Former President Jimmy Carter is open to meeting with North Korean leader Kim Jong Un amid tensions between his nation and the U.S., according to The Korea JoongAng Daily.
The Daily on Tuesday reported that Carter explained his desire to a University of Georgia (UGA) professor he recently encountered.
“Should former President Carter be able to visit North Korea, he would like to meet with North Korean leader Kim Jong-Un and discuss a peace treaty between the United States and the North and a complete denuclearization of North Korea and contribute toward establishing a permanent peace regime on the Korean Peninsula,” Park Han-Shik told the South Korean newspaper last Sunday.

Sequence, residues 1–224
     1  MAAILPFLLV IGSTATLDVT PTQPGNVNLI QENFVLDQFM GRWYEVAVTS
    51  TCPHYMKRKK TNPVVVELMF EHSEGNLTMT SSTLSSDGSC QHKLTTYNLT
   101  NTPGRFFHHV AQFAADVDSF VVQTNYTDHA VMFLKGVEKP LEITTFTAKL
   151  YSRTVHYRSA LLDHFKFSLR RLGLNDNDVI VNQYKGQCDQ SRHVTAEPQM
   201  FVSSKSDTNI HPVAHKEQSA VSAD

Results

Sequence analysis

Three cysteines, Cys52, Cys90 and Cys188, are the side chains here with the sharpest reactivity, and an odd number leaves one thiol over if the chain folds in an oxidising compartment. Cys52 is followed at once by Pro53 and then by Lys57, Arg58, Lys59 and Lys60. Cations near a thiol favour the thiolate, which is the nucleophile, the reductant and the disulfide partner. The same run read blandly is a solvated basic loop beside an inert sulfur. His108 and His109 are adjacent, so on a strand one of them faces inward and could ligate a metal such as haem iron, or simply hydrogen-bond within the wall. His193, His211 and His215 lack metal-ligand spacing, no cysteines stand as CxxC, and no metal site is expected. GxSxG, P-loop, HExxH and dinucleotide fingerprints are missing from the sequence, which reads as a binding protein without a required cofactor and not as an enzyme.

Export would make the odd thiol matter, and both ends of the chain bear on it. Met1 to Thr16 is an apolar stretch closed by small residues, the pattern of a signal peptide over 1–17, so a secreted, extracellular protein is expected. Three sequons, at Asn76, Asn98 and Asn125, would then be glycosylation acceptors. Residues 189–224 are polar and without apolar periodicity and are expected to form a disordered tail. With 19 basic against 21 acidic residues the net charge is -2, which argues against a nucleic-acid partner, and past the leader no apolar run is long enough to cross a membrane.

“[Carter] wants to employ his experience visiting North Korea to prevent a second Korean War,” Park added.
Park is UGA’s emeritus professor of international affairs and has traveled to Pyongyang over 50 times.
The professor met with Carter last month at the former Democratic president’s home in Plains, Georgia.
Some Twitter used voiced optimism about Carter meeting with Kim, while others were more skeptical.
Carter visited North Korea in 1994, ultimately reaching a deal with then-leader Kim Il Sung to freeze his nation’s nuclear program.
The Daily’s report comes amid rising tensions between Kim and President Trump over the former’s pursuit of nuclear weapons.
Trump vowed to “totally destroy” North Korea on the floor of the United Nations last month, and he has repeatedly mocked Kim as “rocket man.”
Kim’s government has alarmed the global community this year by conducting a series of intercontinental ballistic missile tests.